Ex-Theranos CEO’s Criminal Trial Moved To 2021 Due To Virus
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Law360 (August 11, 2020, 4:14 PM EDT) — A California federal judge on Tuesday delayed former Theranos CEO Elizabeth Holmes’ criminal jury trial from October to March in light of challenges posed by the coronavirus pandemic, but he shortened the parties’ proposed pretrial briefing schedule by about two weeks.
During a hearing held via Zoom, U.S. District Judge Edward Davila scheduled jury selection to begin March 9, 2021, with opening arguments iexpected to start about March 16. He also told prosecutors and Holmes’ attorneys that they proposed a “good” pretrial schedule, but he made some changes and pushed up certain deadlines.
“From my perspective, it’s not dramatic,” the judge told the attorneys. “I think it’s something that you can accomplish.”
The coronavirus has shaken up the high-profile criminal case against Holmes and Theranos’ former Chief Operating Officer Ramesh “Sunny” Balwani, who face separate charges of defrauding investors and uninsured patients by making false claims about the capabilities of their once high-flying startup’s blood-testing technology.
Both were indicted in 2018, and Holmes was originally scheduled to face a monthslong jury trial that was supposed to kick off this month. But in the spring, Judge Davila pushed Holmes’ trial to October because of the coronavirus outbreak and scheduled Balwani’s trialfor April 2021.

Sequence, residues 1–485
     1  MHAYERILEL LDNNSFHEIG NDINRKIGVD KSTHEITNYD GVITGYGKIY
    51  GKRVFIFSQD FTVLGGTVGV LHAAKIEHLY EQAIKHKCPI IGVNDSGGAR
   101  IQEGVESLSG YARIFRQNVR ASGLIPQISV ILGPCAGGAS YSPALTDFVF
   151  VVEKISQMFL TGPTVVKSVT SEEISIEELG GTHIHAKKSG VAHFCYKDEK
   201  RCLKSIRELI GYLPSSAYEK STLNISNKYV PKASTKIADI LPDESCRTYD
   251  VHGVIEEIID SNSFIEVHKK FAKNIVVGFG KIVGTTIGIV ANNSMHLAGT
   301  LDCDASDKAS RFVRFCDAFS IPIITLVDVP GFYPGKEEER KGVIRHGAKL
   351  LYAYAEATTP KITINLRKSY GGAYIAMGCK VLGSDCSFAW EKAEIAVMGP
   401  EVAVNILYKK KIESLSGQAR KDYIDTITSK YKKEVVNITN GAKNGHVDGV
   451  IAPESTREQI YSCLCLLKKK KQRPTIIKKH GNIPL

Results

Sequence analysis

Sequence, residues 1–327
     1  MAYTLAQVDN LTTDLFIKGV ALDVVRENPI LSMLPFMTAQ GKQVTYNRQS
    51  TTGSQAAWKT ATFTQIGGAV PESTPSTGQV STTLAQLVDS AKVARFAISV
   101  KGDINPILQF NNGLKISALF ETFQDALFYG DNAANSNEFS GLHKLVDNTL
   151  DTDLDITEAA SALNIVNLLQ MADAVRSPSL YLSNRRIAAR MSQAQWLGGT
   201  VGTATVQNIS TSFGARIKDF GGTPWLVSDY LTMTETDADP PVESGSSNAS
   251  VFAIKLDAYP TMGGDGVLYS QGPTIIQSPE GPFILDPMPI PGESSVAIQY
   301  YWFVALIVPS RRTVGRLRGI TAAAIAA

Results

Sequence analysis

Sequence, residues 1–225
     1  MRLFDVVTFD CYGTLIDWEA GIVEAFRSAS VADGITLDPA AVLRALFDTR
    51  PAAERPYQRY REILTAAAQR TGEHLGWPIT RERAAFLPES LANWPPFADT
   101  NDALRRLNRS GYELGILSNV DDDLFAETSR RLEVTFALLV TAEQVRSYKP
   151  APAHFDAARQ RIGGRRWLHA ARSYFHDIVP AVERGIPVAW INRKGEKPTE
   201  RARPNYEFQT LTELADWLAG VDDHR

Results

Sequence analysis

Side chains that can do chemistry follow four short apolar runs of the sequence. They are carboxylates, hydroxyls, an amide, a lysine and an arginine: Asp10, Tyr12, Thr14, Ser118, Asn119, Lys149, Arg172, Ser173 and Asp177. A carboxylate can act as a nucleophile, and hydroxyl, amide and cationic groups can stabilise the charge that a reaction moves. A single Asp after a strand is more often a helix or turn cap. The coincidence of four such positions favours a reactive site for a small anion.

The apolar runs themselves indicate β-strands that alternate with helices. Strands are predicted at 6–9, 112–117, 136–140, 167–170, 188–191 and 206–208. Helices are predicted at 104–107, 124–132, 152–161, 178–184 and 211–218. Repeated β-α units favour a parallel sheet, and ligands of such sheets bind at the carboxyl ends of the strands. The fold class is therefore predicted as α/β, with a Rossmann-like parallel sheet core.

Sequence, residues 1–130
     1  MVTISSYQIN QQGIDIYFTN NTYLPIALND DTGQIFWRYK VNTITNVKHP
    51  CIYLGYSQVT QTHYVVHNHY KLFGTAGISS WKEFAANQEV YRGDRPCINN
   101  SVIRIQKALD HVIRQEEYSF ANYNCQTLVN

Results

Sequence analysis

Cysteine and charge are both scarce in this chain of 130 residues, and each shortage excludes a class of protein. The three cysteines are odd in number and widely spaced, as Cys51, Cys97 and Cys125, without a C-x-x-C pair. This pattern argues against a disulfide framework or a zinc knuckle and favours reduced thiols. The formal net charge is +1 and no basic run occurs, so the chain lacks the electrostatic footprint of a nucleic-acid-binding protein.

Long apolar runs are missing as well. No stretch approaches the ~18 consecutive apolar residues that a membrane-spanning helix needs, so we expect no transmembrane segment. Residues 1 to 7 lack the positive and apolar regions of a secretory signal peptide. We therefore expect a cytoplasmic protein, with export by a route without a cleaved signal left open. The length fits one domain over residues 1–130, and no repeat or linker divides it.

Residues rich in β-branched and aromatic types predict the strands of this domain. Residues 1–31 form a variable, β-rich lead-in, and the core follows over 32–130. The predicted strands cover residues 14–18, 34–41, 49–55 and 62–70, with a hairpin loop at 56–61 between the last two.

But Judge Davila said last month the October trial date wasn’t realisticin light of ongoing challenges posed by the pandemic, and he asked the parties to propose a new briefing schedule.
Prosecutors had filed multiple superseding indictments last month against the pair because Judge Davila trimmed some chargesin February. But shortly after the fresh indictments were filed, Holmes asked Judge Davila to authorize discoveryinto the grand jury selection process.
California’s Northern District suspended grand juries in late April until an undisclosed date in June because of the pandemic. But Holmes said she has “serious concerns” that changes in grand jury procedures caused by the pandemic have impacted her constitutional rights under the Sixth Amendment to a jury drawn from a “fair cross section of the community.”
The government fired back in a response brief, arguing that her request is overly broad and alleges without basis that the jury was selected unfairly. Prosecutors also complained that discovery into the grand jury discovery process is a legal strategy that is becoming prevalent among defendants indicted during the COVID-19 pandemic.
On Tuesday, Judge Davila told the parties he is not going to hold a hearing on the dispute over grand jury records, and he will issue an order shortly without oral arguments.
The judge also questioned how many pretrial motions Holmes expects to file before trial. Her attorney Lance A. Wade of Williams & Connolly LLPsaid they expect to file between four and six motions, but noted that number could change.
The government is represented by John C. Bostic, Jeffrey Schenk, Robert S. Leach and Vanessa Ann Baehr-Jones of the U.S. Attorney’s Officefor the Northern District of California.
Holmes is represented by Kevin Downey, Lance A. Wade, Amy Mason Saharia and Katherine Trefz of Williams & Connolly LLP.
Balwani is represented by Jeffrey B. Coopersmith and Steve Cazares of Orrick Herrington & Sutcliffe LLP.
The case is U.S. v. Holmes et al., case number 5:18-cr-00258, in the U.S. District Court for the Northern District of California.
–Additional reporting by Mike Curley. Editing by Amy Rowe.
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